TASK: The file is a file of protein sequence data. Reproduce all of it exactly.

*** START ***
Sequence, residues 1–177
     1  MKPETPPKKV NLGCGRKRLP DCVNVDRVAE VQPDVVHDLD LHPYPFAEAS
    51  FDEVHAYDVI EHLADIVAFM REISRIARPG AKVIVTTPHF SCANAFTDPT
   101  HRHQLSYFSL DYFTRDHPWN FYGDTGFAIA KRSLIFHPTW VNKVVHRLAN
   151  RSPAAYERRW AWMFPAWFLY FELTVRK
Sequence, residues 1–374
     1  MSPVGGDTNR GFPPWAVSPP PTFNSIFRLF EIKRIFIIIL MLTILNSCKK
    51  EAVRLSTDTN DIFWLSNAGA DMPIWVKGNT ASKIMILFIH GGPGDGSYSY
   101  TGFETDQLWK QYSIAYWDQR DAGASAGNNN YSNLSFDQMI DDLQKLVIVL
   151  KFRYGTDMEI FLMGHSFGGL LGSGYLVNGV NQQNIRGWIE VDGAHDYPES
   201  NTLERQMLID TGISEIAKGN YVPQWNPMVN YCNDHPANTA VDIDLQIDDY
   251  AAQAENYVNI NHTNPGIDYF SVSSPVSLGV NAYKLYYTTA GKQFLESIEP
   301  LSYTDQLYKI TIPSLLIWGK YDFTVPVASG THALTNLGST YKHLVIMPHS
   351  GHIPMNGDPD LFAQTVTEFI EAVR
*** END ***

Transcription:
Sequence, residues 1–177
     1  MKPETPPKKV NLGCGRKRLP DCVNVDRVAE VQPDVVHDLD LHPYPFAEAS
    51  FDEVHAYDVI EHLADIVAFM REISRIARPG AKVIVTTPHF SCANAFTDPT
   101  HRHQLSYFSL DYFTRDHPWN FYGDTGFAIA KRSLIFHPTW VNKVVHRLAN
   151  RSPAAYERRW AWMFPAWFLY FELTVRK
Sequence, residues 1–374
     1  MSPVGGDTNR GFPPWAVSPP PTFNSIFRLF EIKRIFIIIL MLTILNSCKK
    51  EAVRLSTDTN DIFWLSNAGA DMPIWVKGNT ASKIMILFIH GGPGDGSYSY
   101  TGFETDQLWK QYSIAYWDQR DAGASAGNNN YSNLSFDQMI DDLQKLVIVL
   151  KFRYGTDMEI FLMGHSFGGL LGSGYLVNGV NQQNIRGWIE VDGAHDYPES
   201  NTLERQMLID TGISEIAKGN YVPQWNPMVN YCNDHPANTA VDIDLQIDDY
   251  AAQAENYVNI NHTNPGIDYF SVSSPVSLGV NAYKLYYTTA GKQFLESIEP
   301  LSYTDQLYKI TIPSLLIWGK YDFTVPVASG THALTNLGST YKHLVIMPHS
   351  GHIPMNGDPD LFAQTVTEFI EAVR